Oh, and let’s not forget, have you ever seen a nice looking Access application UI? J  If you have or have created one, then I apologise.

To overcome the issues of using Access as a platform for developing business applications, I believe, is where LightSwitch comes in.

I fully understand that at first glance, LightSwitch seems to be a glorified version of Access with a Visual Studio IDE.  But look closer!  You are getting so much more.  Here are a few that I thought were worth mentioning:

Out-of-the-box you get a classic three tier architecture built on top of .NET (WCF, RIA Services and Entities), ASP.NET and Silverlight. Nice!

Microsoft are also working with Partners, like Infragistics, to develop Shell and Theme components that developers can install to dramatically change the look and feel of their application at the click of a button.  If you’re rubbish at UI design like me, this is a brilliant addition.

You also have the ability to connect to data sources such as SQL Server and SharePoint.  But Access 2010 can do that as well, so why was it worth mentioning?  Well, really to highlight the point that the major difference between the two packages is that LightSwitch is capable of connecting to the Cloud (Windows Azure and SQL Azure Platform) albeit Post beta.  Ah, scalability!

So, is LightSwitch a replacement for Access?

In my honest opinion, LightSwitch is not a replacement for Access.

LightSwitch is a product that gives developers the tools to provide feature-rich and scalable business applications that can be deployed to multiple platforms.

Access is a product that; as I mentioned before, is for allowing business end users to store, report on and share business data.  It was never intended to be a platform to build business applications.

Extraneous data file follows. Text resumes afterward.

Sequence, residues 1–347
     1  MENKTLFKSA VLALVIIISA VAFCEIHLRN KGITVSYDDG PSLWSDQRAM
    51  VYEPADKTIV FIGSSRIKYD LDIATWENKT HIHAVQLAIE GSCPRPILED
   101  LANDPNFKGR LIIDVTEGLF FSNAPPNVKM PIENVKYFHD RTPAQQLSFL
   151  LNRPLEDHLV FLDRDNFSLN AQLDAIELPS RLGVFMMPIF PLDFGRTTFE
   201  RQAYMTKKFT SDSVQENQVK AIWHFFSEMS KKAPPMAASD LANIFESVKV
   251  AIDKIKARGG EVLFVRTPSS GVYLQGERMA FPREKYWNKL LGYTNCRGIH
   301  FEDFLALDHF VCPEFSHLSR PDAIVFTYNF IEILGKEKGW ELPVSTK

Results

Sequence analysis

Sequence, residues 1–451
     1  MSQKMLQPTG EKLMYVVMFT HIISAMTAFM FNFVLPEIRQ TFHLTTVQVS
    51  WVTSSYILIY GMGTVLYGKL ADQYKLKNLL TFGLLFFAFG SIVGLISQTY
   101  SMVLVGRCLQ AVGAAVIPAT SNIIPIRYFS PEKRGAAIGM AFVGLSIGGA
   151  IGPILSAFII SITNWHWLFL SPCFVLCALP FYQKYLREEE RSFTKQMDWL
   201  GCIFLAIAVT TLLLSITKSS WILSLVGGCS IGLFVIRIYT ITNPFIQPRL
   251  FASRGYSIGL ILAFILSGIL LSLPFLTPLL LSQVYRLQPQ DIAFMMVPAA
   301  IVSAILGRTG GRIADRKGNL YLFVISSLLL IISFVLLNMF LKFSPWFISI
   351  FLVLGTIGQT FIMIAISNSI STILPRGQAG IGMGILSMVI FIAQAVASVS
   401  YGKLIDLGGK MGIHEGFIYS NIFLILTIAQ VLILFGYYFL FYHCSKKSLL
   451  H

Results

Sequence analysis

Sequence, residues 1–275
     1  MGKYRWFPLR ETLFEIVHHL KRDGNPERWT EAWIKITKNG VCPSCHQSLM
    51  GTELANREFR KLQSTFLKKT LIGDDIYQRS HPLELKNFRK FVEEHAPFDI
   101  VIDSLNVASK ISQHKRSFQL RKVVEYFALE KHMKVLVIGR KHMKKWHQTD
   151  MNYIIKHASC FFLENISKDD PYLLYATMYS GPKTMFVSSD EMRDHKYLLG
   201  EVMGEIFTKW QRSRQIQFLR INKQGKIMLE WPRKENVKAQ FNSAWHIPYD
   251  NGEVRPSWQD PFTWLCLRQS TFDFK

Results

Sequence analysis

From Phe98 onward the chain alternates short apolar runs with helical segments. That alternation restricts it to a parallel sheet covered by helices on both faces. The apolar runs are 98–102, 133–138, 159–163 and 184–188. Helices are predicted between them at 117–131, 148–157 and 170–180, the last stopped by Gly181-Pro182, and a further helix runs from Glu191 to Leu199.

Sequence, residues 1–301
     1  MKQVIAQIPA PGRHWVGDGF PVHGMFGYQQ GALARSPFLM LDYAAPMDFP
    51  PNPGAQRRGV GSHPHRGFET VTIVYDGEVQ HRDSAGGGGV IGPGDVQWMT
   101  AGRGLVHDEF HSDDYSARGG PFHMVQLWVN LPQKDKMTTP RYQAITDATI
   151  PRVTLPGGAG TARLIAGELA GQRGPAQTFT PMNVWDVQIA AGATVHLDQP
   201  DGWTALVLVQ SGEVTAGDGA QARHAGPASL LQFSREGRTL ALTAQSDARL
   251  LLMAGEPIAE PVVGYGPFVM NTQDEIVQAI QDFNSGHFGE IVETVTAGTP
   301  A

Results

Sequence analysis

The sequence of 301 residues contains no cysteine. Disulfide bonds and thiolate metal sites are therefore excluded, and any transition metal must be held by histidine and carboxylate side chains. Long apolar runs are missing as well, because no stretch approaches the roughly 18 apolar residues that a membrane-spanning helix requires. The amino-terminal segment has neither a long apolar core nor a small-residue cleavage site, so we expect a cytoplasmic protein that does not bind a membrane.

Now that LightSwitch is here, the weight of being a business application can be taken off of Access’s shoulders!

The lines are clearly defined between these two products and both are here to stay.

For more information on LightSwitch and the Keynote from VSLive! head over to http://www.microsoft.com/visualstudio/en-us/lightswitch. You won’t be disappointed.

AnonymousType to DataTable madness!

by Kev Ritchie 5. November 2010 21:53

Today I was working on converting a project over to WPF.  Everything was going well until I needed to put the results of a LINQ query into a DataTable.

There didn't seem to be any easy way to do it, unless I'm being really blind Laughing.  Well, after some research and tinkering, I chucked together this little handy method:

private DataTable QueryResults<T>(IEnumerable<T> anon)
{
    DataTable results = new DataTable();
 
    if (anon != null)
    {
        PropertyInfo[] columns = null;
 
        foreach (T item in anon)
        {
            if (columns == null)
            {
                columns = ((Type)item.GetType()).GetProperties();
 
                foreach (PropertyInfo column in columns)
                {
                    Type columnType = column.PropertyType;
 
                    if ((columnType.IsGenericType) && (columnType.GetGenericTypeDefinition()
                        == typeof(Nullable<>)))
                    {
                        columnType = columnType.GetGenericArguments()[0];
                    }
 
                    results.Columns.Add(new DataColumn(column.Name, columnType));
                }
            }
 
            DataRow dr = results.NewRow();
 
            foreach (PropertyInfo column in columns)
            {
                dr[column.Name] = column.GetValue(item, null) == null ?
                    DBNull.Value : column.GetValue(item, null);
            }
 
            results.Rows.Add(dr);
 
        }
    }
 
    return results;
}
You can also pass in objects of type ISingleResult e.g Stored Procedures, into this method.

Have a go and let me know what you think